Gay veteran’s military dismissal puts spotlight on California congressional race
Posted on July 5, 2009
Filed Under Uncategorized
WASHINGTON – Anthony Woods says he grew up without health insurance, struggled to get an education and fought in Iraq, a war he didn’t believe in.
Then he got kicked out of the military for violating its “Don’t Ask, Don’t Tell” policy after telling his commanding officer he was gay.
Woods, a 28-year-old graduate of West Point, figures he has the proper anti-establishment credentials to win an open seat in California’s 10th Congressional District. He’s proud of his lack of political experience, saying experienced politicians haven’t done much good in either Sacramento or Washington.
“If we keep sending experienced career politicians to D.C., nothing’s going to change,” Woods said in an interview.
Woods may be a long shot in the race to replace the retiring Democratic Rep. Ellen Tauscher in the East Bay seat, but his presence assures it will be a high-profile affair. It’s already resulting in national attention.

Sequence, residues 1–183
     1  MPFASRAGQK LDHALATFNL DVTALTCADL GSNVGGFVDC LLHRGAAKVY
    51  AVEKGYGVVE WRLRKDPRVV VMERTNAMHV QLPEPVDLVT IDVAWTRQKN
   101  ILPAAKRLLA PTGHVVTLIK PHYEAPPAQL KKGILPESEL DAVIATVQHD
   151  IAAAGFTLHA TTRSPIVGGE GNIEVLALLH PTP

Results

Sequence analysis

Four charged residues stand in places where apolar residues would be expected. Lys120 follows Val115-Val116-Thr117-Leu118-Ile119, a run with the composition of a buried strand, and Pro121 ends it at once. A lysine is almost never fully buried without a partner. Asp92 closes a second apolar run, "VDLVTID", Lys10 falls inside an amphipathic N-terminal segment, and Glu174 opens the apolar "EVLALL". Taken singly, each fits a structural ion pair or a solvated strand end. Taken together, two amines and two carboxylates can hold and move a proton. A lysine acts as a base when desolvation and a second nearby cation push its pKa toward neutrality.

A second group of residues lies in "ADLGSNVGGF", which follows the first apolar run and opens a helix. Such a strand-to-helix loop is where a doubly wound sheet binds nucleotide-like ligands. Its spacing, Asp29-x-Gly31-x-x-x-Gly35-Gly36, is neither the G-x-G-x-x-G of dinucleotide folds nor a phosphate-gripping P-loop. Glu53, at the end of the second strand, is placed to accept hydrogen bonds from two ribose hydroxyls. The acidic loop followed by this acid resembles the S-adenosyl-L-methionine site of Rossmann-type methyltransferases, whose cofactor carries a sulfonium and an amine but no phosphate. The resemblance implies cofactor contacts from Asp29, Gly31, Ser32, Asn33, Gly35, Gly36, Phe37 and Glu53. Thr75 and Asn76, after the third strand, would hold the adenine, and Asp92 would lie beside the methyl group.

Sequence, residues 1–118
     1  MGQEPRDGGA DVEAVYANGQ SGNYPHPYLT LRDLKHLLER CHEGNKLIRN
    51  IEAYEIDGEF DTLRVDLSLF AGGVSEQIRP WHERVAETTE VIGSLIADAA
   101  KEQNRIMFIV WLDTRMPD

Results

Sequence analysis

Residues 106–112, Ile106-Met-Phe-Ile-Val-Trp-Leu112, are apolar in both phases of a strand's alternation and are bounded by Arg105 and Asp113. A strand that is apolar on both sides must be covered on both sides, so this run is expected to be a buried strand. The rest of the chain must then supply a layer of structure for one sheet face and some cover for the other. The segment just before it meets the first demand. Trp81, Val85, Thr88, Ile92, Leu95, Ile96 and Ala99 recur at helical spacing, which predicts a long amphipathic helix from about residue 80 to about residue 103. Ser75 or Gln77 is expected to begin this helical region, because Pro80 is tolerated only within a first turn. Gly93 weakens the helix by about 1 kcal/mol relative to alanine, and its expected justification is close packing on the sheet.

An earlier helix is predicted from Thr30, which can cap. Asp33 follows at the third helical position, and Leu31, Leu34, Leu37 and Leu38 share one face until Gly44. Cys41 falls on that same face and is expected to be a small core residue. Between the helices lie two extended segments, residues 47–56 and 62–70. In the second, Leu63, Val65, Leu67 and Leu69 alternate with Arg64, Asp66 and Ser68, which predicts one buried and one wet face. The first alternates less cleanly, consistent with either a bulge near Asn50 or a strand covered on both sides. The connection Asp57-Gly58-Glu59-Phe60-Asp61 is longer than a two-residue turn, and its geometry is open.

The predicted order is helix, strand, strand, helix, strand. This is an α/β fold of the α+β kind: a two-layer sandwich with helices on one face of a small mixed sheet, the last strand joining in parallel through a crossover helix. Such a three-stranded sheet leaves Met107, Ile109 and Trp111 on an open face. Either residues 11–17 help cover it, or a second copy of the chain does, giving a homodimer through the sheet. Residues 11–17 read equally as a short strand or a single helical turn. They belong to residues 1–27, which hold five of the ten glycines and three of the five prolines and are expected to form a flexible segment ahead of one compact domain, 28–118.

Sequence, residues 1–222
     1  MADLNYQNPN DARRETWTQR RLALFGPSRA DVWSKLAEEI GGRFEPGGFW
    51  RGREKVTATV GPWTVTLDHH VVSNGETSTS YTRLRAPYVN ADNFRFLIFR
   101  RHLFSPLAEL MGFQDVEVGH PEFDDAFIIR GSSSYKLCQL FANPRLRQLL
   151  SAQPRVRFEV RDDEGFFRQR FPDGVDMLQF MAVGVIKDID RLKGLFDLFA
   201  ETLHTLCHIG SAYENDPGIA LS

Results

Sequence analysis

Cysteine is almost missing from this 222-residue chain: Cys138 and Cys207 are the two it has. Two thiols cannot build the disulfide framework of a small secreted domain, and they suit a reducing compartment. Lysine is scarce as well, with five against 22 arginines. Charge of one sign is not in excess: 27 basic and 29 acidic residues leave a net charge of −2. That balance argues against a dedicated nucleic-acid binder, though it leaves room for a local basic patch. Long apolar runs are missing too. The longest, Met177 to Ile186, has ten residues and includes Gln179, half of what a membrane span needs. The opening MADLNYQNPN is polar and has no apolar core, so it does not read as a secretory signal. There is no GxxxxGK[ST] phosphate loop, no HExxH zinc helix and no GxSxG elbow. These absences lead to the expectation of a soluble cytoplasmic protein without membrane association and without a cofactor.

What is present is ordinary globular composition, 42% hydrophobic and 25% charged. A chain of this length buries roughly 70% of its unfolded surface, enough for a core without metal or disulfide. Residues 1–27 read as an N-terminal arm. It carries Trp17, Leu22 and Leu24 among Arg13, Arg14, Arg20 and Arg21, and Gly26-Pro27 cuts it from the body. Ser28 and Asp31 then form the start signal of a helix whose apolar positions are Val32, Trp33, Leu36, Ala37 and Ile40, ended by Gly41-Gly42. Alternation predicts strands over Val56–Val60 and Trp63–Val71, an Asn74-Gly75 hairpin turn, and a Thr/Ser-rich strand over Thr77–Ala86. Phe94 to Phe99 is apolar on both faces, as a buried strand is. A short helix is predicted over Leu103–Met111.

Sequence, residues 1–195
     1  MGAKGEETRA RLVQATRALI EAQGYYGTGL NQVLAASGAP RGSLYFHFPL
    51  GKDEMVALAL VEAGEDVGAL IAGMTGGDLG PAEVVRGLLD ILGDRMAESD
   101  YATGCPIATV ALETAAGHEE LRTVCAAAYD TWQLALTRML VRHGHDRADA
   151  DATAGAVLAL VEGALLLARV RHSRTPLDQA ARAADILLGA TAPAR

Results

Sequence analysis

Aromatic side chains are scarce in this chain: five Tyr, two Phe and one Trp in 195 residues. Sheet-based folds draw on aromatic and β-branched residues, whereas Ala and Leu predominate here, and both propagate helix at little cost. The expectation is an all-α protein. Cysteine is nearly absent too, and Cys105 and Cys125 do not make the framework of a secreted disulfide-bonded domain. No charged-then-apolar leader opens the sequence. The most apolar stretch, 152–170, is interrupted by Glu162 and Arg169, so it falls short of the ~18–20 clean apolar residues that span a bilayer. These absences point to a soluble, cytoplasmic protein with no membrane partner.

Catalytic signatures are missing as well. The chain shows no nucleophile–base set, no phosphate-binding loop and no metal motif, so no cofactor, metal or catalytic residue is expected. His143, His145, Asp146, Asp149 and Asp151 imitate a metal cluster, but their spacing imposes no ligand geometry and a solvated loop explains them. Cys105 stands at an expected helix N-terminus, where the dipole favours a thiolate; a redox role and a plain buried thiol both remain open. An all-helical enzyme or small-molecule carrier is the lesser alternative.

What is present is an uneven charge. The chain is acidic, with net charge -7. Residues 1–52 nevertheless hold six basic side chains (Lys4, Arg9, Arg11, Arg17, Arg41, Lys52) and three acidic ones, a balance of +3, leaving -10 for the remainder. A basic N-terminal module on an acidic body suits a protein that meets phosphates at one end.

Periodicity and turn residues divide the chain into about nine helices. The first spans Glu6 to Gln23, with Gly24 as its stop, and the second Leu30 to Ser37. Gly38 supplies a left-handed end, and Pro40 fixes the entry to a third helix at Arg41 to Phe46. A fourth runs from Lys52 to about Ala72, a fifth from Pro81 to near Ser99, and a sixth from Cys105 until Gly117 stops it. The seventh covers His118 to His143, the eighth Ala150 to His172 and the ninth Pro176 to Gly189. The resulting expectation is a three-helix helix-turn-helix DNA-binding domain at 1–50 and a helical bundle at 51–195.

Woods, a Democrat, is less well-known than his challengers, but his team is banking on the candidate’s compelling life story and his status as an outsider to put him over the top in a splintered field.
Kansas City Star -
House Dems urge Obama to halt gay discharges from the military
Gay men vie for East Bay House seat
LA Times Editorial: A court battle California doesn’t need
Global video mashup for International Day Against Homophobia & Transphobia 2009 hits the Internet